Efficiency is often confused with effectiveness. It can be a trap.
“Efficiency is doing things right; effectiveness is doing the right things.”Peter Drucker
You can be efficient in doing the wrong things. You can be efficient in doing things you shouldn’t even do. You can efficiently waste your time.
Too often, I make the same mistake. I’m optimizing prematurely. And not asking the important questions.
Efficiency asks us: How can we make this faster, cheaper, with less waste?
Effectiveness asks us: What is the job to be done? What is truly important? What can we eliminate, automate or delegate?
I re-learned this lesson in AI Superpowers by Kai-Fu Lee. China is often not very efficient, because they move super-fast and over-invest. Yet they are hugely effective, because they get the job done, and fast. Be it high-speed rail, mobile payments, or AI, China is brute-forcing its way to success.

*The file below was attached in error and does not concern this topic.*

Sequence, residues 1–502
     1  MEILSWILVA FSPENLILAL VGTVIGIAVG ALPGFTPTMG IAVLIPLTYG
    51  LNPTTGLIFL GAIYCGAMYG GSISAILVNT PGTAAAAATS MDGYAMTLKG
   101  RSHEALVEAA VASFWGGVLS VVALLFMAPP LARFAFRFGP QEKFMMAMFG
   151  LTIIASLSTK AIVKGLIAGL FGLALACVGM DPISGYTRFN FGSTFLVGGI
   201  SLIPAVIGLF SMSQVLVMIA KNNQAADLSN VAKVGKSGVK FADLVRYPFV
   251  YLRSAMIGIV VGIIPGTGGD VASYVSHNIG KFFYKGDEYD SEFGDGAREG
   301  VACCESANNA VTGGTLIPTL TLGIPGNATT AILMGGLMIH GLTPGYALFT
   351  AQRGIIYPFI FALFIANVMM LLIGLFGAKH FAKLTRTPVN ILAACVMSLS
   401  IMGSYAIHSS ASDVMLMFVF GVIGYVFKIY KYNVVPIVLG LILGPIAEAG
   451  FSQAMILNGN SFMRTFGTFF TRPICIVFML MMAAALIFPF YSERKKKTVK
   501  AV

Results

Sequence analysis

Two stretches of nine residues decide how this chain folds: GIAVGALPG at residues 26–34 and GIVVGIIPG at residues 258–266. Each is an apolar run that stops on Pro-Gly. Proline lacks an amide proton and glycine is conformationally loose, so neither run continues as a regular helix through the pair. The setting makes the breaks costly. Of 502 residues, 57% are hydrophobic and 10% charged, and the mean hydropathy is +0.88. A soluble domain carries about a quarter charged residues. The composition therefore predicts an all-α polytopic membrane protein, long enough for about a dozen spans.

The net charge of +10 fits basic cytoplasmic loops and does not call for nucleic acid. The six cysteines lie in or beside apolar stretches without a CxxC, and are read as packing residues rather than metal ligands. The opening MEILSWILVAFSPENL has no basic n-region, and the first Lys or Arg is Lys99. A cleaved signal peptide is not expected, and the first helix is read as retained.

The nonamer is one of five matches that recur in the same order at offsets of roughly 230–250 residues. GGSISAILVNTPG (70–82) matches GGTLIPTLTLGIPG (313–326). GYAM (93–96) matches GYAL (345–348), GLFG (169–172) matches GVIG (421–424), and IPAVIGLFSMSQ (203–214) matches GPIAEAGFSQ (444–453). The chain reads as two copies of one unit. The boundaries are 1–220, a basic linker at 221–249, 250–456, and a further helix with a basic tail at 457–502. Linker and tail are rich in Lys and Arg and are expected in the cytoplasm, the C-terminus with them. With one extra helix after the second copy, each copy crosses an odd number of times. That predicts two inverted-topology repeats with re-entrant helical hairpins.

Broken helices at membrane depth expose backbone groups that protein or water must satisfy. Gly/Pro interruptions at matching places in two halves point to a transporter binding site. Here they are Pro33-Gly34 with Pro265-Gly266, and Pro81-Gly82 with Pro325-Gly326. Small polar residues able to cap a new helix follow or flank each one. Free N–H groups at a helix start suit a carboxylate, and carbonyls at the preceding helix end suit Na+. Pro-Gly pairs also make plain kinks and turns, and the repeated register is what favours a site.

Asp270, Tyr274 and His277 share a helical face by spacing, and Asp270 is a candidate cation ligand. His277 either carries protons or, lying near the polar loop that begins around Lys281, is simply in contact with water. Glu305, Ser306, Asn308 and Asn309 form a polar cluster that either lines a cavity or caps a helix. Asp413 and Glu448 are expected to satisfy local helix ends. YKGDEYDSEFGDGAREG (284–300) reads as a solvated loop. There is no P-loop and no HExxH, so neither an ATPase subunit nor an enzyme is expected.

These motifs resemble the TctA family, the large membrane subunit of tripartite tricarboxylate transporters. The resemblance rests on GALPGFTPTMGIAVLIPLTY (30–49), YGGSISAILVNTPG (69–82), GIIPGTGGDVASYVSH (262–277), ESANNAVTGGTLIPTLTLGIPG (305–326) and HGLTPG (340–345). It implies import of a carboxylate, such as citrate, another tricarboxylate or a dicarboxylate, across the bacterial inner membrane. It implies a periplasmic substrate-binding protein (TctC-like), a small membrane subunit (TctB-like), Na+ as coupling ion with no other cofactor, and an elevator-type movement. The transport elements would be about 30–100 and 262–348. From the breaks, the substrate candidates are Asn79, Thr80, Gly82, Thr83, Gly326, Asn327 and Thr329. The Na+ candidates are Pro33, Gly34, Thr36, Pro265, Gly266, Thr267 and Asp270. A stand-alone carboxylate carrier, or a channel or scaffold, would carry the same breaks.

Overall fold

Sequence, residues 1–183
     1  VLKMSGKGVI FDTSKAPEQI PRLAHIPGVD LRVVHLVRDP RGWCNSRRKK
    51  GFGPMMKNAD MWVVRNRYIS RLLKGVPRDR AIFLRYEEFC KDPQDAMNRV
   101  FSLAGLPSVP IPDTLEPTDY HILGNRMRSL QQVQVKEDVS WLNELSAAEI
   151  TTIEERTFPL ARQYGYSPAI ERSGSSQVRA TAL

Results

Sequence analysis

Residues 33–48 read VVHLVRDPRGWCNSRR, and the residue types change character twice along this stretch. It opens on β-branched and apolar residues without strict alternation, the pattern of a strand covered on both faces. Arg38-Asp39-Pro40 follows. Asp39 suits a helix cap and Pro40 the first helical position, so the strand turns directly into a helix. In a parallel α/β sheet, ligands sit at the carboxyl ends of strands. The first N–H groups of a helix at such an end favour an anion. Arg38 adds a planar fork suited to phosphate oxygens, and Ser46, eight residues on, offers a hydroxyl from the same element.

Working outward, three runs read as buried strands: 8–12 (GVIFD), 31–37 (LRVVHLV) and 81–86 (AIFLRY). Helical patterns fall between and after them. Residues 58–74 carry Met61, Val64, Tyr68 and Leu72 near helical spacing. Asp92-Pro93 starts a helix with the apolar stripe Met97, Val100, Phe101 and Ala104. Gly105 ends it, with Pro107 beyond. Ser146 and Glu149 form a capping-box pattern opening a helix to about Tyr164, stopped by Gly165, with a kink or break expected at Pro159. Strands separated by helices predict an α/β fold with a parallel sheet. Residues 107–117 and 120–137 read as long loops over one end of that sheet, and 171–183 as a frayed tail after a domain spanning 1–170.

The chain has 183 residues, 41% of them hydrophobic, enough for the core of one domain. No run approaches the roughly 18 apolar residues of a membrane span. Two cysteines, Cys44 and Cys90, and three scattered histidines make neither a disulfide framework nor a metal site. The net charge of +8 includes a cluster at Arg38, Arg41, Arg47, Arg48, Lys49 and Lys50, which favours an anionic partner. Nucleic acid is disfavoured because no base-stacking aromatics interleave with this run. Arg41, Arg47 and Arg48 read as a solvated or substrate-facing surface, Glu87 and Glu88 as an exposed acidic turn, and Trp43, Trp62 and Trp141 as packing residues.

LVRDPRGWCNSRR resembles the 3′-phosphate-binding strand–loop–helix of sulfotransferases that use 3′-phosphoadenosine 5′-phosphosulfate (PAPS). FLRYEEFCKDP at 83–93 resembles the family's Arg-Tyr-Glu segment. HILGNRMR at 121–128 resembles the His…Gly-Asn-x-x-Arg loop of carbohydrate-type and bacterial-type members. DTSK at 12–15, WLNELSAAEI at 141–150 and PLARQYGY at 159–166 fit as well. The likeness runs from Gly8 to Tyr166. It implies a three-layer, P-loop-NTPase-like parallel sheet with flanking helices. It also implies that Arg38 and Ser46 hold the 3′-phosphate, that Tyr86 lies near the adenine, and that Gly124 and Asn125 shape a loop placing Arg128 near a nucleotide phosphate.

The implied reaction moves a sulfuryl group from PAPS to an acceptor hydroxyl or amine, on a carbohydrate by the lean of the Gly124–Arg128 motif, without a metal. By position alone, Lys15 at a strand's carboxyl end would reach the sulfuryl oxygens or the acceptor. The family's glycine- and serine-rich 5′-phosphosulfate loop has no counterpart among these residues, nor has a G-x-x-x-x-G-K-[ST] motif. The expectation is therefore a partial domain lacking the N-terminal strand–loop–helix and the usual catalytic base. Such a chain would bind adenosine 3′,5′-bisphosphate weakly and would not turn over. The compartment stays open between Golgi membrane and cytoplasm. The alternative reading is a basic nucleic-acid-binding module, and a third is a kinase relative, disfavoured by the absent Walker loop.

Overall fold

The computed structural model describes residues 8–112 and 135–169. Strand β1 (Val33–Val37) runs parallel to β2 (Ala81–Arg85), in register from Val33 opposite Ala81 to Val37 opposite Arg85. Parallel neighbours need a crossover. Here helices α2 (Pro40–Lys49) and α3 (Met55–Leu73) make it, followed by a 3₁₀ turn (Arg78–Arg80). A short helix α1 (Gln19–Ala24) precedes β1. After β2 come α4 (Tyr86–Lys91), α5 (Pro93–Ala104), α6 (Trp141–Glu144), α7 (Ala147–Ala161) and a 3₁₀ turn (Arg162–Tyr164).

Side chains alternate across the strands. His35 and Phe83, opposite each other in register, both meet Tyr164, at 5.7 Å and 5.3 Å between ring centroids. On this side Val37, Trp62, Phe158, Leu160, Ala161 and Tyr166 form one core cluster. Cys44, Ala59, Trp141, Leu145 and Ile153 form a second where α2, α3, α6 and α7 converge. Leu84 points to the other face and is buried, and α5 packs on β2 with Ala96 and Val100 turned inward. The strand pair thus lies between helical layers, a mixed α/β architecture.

You find the same in nature. A tree that produces thousands of seeds isn‘t very efficient. But it’s effective in growing its population.
Efficiency comes from scarcity. Effectiveness sees abundance. Better to waste some money or resources, than to waste time.
Now I understand why Stephen Covey named his bestseller 7 Habits of Highly Effective People and not 7 Habits of Highly Efficient People. (It’s a great book that I can highly recommend.)
Effectiveness first. Efficiency second.